If your goal is to improve curriculum, instruction, and assessment in your classroom, building, or district, then read Six Steps to Boost Student Learning. Education consultant Anne Anderson notes the concise, focused book is filled with resources.
In Cheryl Mizerny’s view, authentic “personalized education” would have skilled teachers navigating as students powered their own learning. It would be a practice and not the product being sold by digital LMS companies as an acceptable substitute for teacher talent.
Every time Elisa Waingort opens Leaders of Their Own Learning, she finds another simple but brilliant suggestion to improve her teaching and the learning of her students. She recommends repeated reading of this fully resourced guide to student-driven learning and assessment.
School and student data can be confusing and challenging to collect and use effectively. Ronald Williamson and Barbara Blackburn offer a four-step process to help educators and administrators collect and analyze data and support better teaching and student learning.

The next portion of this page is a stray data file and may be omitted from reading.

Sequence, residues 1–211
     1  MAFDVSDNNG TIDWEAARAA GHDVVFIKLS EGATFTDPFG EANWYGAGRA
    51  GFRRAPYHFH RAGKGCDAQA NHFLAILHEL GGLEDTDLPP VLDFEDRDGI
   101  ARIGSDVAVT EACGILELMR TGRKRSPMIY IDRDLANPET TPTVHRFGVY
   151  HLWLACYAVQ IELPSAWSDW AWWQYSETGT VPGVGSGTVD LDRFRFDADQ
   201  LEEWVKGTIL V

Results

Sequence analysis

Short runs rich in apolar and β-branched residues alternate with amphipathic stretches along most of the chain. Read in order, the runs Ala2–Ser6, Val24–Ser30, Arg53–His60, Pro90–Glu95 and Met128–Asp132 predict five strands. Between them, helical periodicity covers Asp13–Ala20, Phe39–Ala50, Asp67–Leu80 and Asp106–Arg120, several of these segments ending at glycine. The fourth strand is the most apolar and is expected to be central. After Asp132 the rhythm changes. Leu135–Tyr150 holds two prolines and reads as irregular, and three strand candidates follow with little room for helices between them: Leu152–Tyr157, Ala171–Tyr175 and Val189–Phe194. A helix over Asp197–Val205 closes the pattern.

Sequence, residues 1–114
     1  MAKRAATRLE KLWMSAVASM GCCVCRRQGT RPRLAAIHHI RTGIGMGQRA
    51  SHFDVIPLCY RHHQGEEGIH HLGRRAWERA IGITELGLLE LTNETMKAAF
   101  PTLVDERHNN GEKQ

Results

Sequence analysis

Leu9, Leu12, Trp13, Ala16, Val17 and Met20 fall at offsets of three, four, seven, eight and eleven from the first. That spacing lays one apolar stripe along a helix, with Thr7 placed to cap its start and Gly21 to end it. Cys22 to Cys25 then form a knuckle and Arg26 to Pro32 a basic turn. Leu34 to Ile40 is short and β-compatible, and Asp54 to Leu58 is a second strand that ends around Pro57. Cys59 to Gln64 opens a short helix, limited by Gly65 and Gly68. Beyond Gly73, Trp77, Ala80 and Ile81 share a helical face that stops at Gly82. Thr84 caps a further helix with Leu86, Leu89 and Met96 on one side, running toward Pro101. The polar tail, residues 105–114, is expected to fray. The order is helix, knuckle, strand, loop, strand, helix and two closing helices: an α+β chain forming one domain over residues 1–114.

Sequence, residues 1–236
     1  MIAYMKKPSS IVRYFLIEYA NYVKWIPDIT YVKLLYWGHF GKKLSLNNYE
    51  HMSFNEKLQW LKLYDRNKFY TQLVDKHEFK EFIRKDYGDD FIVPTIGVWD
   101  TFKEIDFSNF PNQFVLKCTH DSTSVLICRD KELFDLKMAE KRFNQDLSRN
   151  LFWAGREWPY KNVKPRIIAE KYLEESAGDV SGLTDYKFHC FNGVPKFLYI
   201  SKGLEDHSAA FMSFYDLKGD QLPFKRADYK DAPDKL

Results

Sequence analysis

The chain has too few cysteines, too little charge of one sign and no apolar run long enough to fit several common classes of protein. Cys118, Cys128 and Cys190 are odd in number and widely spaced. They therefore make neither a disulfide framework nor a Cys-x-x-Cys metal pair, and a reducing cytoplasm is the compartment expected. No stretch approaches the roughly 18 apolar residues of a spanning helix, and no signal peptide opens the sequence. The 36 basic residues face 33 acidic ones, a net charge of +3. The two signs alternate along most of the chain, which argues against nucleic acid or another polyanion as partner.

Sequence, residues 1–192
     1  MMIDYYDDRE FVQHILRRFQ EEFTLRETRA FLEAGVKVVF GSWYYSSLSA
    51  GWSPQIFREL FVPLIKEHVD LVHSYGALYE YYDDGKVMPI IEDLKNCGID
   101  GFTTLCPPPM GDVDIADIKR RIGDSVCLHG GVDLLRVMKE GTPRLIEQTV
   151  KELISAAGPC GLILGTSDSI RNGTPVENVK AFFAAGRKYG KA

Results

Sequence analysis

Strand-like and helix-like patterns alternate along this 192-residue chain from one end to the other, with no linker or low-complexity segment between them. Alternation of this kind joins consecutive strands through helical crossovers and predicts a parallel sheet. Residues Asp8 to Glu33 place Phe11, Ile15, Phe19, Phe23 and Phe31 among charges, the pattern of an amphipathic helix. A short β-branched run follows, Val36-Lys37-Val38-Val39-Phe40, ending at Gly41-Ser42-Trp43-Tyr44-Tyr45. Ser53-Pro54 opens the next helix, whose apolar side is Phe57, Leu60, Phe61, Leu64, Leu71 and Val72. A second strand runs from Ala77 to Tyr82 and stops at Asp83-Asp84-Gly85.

Teaching history students to interpret charts and graphs is often difficult, especially when their grasp of math is limited. In his low-literacy middle school, Aaron Brock used a small-group, high-interest graphing project to build skills and understanding.
Principal Matt Renwick says our definition of data has to broaden substantially if we expect to paint a complete picture of student learning. Renwick describes how two middle grades teachers are using technology to help meet the qualitative assessment challenge.
“How Teachers Can Turn Data into Action” is an excellent guide to planning, ordering, and running data talks that lead to better instruction. Teacher-reviewer Dina Murphy also recommends its appendix, filled with protocols, flow charts and checklists to help get your team started.